Last week, The Bulletin was shocked to learn that the Associated Student Government will vote soon on a bill that would, over the course of four years, reduce the working budget of The Bulletin by 48 percent. That is one of the largest line item cuts, in terms of dollars, proposed for any group on campus; by 2023, it would mean a loss to the newspaper of about $50,000.

Is it a coincidence that The Buletin is slated for these crippling cuts the same semester that we put out an investigative series that revealed an undergraduate student was likely sexually harassed by a tenured professor and the university attempted to silence the student with a non-disclosure agreement?

There seems to be no other reasonable explanation. 

This is a transparent attempt to muzzle student voices and student journalists on campus. 

This is the only conclusion to be gathered because of the lack of transparency leading up to this cut. 

ASG should not be taking their lead from Wichita State’s student government. This sets a bad precedent.

“The Sunflower,” our campus yearbook, and Quivira, the campus literary journal, and the Performing Arts Board are also on the block. “The Sunflower” would be cut 8 percent for the next four years, Quivira is being cut by 60 percent for next year, and the PAB is being cut 40 percent for the next year.

It seems that the humanities are under fire during this round of budget cuts by ASG. 

There are no senators on the Fiscal Affairs Committee from the Liberal Arts and Sciences. They are making decisions without hearing the voices of the people they’re representing.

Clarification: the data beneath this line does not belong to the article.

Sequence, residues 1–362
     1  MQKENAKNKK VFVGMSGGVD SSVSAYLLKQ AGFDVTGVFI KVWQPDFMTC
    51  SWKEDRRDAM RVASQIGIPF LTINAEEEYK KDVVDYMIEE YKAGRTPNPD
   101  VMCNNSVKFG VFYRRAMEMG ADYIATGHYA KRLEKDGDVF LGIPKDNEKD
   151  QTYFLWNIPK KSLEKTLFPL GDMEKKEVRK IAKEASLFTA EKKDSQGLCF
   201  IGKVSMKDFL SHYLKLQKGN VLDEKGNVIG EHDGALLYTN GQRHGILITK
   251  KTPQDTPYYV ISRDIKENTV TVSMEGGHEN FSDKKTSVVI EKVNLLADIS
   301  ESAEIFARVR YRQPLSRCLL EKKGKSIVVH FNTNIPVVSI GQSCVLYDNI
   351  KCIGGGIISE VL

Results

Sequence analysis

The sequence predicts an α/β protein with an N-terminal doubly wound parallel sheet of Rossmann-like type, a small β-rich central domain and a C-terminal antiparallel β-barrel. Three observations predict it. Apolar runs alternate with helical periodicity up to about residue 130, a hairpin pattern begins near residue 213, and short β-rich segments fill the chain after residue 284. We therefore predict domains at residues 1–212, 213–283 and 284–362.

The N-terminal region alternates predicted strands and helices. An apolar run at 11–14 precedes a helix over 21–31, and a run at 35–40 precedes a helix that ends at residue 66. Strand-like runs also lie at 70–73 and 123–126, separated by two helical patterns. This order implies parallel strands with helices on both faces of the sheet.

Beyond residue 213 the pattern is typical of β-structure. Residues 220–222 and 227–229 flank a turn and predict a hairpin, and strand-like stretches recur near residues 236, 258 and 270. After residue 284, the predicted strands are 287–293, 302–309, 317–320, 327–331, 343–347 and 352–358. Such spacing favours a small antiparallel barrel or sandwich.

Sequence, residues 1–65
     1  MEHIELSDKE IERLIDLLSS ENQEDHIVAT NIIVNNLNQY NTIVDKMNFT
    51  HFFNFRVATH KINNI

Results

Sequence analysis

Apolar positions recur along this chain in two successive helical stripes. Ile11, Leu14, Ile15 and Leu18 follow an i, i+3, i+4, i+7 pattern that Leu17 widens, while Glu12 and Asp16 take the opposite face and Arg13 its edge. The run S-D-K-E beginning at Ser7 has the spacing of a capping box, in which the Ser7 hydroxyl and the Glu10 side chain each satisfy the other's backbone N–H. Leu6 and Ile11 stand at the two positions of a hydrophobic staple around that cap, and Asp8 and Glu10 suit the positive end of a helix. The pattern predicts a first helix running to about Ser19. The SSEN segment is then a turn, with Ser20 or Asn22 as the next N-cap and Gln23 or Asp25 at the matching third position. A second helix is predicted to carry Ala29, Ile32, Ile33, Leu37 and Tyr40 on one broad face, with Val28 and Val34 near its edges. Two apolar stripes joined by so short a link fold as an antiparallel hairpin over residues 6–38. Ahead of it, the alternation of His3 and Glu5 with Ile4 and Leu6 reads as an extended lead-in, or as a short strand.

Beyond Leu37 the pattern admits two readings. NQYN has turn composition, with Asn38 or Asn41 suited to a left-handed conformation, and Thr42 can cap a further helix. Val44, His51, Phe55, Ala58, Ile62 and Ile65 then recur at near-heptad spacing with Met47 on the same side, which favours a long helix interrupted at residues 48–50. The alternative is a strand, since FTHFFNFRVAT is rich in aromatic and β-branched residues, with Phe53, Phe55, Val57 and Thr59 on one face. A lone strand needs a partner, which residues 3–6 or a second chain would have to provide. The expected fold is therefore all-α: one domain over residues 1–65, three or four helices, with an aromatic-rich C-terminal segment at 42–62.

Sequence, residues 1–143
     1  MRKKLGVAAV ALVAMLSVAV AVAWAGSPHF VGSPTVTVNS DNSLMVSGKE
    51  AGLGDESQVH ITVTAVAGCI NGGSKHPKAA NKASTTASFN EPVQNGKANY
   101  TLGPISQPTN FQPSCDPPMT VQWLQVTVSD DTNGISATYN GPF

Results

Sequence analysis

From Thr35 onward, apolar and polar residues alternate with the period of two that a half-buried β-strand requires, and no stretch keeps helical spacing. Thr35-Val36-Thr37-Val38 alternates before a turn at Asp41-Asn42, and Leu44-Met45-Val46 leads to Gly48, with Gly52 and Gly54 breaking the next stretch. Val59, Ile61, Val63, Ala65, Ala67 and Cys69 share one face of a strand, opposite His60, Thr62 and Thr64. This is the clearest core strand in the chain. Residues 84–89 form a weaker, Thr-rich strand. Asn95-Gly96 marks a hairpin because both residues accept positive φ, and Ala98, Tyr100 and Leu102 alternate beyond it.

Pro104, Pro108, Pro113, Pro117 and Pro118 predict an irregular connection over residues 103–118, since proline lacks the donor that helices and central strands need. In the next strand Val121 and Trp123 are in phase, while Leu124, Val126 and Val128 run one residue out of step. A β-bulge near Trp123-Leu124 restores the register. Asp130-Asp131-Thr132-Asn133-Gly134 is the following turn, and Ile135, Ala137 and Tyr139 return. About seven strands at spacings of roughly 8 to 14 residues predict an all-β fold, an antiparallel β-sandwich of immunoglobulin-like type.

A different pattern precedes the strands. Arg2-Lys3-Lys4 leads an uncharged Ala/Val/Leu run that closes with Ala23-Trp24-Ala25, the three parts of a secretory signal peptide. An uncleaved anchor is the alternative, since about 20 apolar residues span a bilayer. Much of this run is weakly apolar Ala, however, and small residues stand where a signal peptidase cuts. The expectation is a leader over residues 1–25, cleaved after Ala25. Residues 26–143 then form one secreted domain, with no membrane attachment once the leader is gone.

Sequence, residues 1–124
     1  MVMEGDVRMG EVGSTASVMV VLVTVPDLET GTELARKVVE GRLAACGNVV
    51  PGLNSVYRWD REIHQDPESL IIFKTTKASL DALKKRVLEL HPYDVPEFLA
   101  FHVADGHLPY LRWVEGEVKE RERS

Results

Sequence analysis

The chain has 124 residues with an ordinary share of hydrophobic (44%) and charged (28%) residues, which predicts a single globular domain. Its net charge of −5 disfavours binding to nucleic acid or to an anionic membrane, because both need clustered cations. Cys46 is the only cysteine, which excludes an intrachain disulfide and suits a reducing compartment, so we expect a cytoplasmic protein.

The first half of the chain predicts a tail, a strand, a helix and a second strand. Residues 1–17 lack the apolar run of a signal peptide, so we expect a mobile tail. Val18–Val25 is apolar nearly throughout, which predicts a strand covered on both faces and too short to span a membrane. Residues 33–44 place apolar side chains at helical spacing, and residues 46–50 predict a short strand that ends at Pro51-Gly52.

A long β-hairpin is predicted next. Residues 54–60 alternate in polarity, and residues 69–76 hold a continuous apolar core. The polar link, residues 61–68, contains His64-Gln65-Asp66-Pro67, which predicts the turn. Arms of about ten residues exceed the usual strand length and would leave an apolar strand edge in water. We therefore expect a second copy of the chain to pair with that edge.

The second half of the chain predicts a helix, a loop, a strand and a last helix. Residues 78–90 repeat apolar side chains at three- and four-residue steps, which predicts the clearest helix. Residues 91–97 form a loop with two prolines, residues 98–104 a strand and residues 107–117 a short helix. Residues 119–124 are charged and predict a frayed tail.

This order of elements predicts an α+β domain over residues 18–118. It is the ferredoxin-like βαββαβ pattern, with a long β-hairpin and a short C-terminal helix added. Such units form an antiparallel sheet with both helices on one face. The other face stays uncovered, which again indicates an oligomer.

In the past, attempted student publication cuts have been excused with, “Well, no one really reads the campus newspaper.” 

That sure as hell isn’t the case this year.

Every campus club and organization is worthwhile but, we must ask ourselves, what really matters?

In this era of fake news, is it really the time to be cutting the one source on campus that has proved itself to be worthwhile?

The student press is important, now more than ever. 

Without The Bulletin breaking “Jane’s story” about the undergrad who filed the sexual assault complaint, the issue may have gone unresolved and unknown of for years. 

We can only change the things we know about, and the student press is in the business of making sure you know what’s important to you. 

In this age of #metoo, the student press is vital.

This bill comes up for a vote on April 12. Please, stand with us and express your support for The Bulletin as we are coming under fire for our investigative and aggressive journalism.

If you believe Jane, and you love truth, now is the time to speak up for the student press. 

It may be now or never.

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